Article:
6 Tips to Pitch Business Journalists
I’ve been writing about business for a long time. Since the arrival of social media, how one can pitch a business publication with a story has changed a bit. Today, you have more options.
Breaking business news always will be my favorite.
If you have a breaking news item, there are a few ways to reach your local business reporter or editor, and they all involve a different social media platform.
It’s especially important today – with journalists having to cover multiple beats and industries – to catch their eye and stay on their radar.
1. Build a relationship with the journalist.
Actively feed them tips and things happening in and around your city, and don’t have an agenda.
My best sources were those who gave me news bits they heard in meetings or just the good ol’ fashioned grapevine. Many times, these news items didn’t even involve the person who gave me the scoop.
2. Pitch your story where they are.
Journalists have to stay on top of social media.
Twitter grants you 140 characters to get to your point. Here’s the catch: While tweeting to your business journalist, don’t publicly give the news away. Doing so might tip off that reporter or editor’s competitor, and this can be very frustrating for the journalist.
I recommend you either direct message (DM) the journalist or publicly drop them a cryptic note, e.g. “Hey, got a scoop for you. Call me.”
Facebook and LinkedIn are great options to message the journalist directly. Tips that come in through these platforms also break up the monotony of the journalist digging for stories through their Rolodex or reading through hundreds of emails in their inbox.
If you come at a reporter or editor through a different mechanism, congratulations, you’ve got their attention. And they’ll remember you.
Now, if you’re already pretty close to your reporter or editor, and you have them on Google Chat, you’re in the club. Just IM them when they’re online. Journalists love it when scoops fall out of the sky from a trusted source.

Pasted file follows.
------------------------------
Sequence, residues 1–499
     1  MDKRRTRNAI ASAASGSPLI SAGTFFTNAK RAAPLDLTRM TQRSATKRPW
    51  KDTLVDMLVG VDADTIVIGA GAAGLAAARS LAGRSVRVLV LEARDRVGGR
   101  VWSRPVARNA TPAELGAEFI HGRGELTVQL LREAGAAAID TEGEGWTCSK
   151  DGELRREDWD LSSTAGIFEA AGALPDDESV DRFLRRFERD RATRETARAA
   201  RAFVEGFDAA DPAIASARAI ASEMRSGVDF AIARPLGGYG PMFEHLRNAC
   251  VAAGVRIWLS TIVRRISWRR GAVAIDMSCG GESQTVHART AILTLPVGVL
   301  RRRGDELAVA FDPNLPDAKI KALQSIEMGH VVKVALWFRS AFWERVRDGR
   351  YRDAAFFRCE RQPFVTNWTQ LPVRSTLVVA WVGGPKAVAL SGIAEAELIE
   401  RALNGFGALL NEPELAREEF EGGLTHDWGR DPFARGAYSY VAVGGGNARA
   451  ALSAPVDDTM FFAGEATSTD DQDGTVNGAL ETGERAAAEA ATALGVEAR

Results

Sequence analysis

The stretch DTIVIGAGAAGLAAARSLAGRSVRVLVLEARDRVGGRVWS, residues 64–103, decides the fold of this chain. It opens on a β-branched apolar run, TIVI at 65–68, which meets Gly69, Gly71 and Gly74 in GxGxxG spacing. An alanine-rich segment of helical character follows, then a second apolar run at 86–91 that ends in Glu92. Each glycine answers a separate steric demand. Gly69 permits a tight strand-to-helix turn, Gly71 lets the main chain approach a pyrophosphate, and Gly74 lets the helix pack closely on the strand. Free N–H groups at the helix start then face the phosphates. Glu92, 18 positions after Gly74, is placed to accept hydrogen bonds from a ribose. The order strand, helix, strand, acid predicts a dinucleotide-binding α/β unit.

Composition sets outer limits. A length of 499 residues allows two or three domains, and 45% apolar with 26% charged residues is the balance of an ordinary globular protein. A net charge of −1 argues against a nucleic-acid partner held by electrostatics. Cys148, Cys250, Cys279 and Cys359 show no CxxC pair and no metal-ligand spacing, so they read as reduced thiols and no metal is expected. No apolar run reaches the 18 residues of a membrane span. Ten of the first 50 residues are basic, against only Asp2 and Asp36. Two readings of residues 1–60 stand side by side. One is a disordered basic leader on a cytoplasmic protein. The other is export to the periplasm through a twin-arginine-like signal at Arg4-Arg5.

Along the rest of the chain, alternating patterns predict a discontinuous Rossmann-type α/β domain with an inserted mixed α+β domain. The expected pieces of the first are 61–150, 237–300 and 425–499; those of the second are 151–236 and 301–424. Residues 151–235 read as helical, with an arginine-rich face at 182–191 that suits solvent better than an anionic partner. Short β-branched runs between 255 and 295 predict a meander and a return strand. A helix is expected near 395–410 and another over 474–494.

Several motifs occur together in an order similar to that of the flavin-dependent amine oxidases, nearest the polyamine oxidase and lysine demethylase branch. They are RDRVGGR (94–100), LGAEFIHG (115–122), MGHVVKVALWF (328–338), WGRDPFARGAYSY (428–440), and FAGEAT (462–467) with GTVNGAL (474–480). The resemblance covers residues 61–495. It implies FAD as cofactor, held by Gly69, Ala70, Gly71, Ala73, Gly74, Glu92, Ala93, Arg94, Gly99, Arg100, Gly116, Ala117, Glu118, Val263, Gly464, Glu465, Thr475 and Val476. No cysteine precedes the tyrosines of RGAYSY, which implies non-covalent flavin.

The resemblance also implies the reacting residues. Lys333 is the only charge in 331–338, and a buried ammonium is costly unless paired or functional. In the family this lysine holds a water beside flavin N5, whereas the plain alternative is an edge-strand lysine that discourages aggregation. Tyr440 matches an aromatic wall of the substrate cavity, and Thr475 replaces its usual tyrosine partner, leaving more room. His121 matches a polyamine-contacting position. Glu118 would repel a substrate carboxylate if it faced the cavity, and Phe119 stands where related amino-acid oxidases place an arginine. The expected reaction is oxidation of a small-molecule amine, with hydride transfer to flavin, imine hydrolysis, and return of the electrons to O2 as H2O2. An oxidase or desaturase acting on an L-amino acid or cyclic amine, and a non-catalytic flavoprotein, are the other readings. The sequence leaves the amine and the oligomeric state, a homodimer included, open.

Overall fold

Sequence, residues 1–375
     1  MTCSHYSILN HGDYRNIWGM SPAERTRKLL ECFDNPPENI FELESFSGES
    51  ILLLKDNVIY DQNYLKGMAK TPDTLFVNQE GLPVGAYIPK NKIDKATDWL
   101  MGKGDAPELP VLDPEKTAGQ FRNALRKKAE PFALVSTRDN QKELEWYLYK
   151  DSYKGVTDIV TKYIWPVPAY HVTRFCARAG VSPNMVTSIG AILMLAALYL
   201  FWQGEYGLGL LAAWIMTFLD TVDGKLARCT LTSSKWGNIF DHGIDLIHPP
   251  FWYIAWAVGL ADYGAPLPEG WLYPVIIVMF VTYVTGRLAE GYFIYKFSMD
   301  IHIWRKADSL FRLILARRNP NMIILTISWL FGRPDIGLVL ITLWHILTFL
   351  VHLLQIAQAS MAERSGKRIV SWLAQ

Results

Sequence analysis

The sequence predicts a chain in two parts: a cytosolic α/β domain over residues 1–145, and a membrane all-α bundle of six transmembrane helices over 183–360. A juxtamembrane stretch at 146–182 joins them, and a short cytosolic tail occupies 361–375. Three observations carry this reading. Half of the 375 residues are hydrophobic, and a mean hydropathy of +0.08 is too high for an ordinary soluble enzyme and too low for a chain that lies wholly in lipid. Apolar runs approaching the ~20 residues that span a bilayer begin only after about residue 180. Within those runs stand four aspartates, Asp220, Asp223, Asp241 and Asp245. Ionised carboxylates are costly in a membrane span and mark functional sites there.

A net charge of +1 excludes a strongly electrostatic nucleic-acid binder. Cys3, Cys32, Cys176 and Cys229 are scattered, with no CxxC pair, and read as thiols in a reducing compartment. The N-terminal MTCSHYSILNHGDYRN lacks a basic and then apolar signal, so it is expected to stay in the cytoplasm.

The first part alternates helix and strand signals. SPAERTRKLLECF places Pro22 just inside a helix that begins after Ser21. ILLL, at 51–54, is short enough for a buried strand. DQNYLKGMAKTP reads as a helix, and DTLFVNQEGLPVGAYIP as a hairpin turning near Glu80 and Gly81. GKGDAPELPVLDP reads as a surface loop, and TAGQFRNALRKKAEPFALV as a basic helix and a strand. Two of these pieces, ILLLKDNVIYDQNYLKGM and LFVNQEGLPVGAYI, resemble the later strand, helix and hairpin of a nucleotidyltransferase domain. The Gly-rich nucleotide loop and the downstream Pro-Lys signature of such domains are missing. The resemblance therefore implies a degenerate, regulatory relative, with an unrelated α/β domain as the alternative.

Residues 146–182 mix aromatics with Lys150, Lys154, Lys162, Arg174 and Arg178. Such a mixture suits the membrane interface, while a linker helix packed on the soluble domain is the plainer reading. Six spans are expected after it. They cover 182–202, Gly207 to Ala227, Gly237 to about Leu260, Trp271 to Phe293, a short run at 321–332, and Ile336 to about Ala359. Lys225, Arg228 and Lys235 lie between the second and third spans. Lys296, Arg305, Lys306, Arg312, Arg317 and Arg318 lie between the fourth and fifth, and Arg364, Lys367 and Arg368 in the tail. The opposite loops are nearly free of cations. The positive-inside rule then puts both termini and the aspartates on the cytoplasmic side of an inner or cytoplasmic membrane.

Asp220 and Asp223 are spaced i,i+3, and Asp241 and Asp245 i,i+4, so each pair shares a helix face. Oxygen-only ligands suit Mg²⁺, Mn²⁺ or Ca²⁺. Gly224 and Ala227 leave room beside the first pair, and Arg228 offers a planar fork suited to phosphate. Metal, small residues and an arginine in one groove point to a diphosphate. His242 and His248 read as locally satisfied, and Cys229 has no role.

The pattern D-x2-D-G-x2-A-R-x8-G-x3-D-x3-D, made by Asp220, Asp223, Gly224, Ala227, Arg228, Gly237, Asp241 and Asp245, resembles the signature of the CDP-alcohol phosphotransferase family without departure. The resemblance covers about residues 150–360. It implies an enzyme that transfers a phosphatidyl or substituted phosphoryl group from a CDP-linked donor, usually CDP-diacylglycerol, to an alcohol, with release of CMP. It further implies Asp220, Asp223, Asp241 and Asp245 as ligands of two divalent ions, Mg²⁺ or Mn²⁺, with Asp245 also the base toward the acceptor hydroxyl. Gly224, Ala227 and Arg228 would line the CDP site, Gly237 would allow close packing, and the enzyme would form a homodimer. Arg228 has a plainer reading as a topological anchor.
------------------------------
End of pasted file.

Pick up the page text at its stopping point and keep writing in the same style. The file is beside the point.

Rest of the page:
3. Remember the oldies and goodies.
Cell phones and email still will always be good ways to reach your business reporter or editor.
Regardless, if the journalist runs with a story that you gave them, they’ll remember the tip came from you. So when you need to bend their ear toward a story that may be less breaking, but still newsworthy, they’ll be likely to listen.
4. Know the news outlet.
Not all business publications are created equal and they may cover different things. Do your homework and make sure you pitch appropriately.
Consider their deadlines and editorial calendar.
If the reporter or editor is on deadline, it's crunch time in the newsroom and you should try the following day when things are quieter.
5. Don't fax or send attachments.
It’s too much work to open; journalists are being pulled in too many directions.
6. Include your contact information.
In your pitch, include a way for the journalist to contact you. Your cellphone number is best. It's critical to be reachable if and when the reporter or editor has follow-up questions.
Christine Cube is a media relations manager for PR Newswire and freelance writer. Good luck catching her on GChat. You’ll have better luck tweeting to her @cpcube.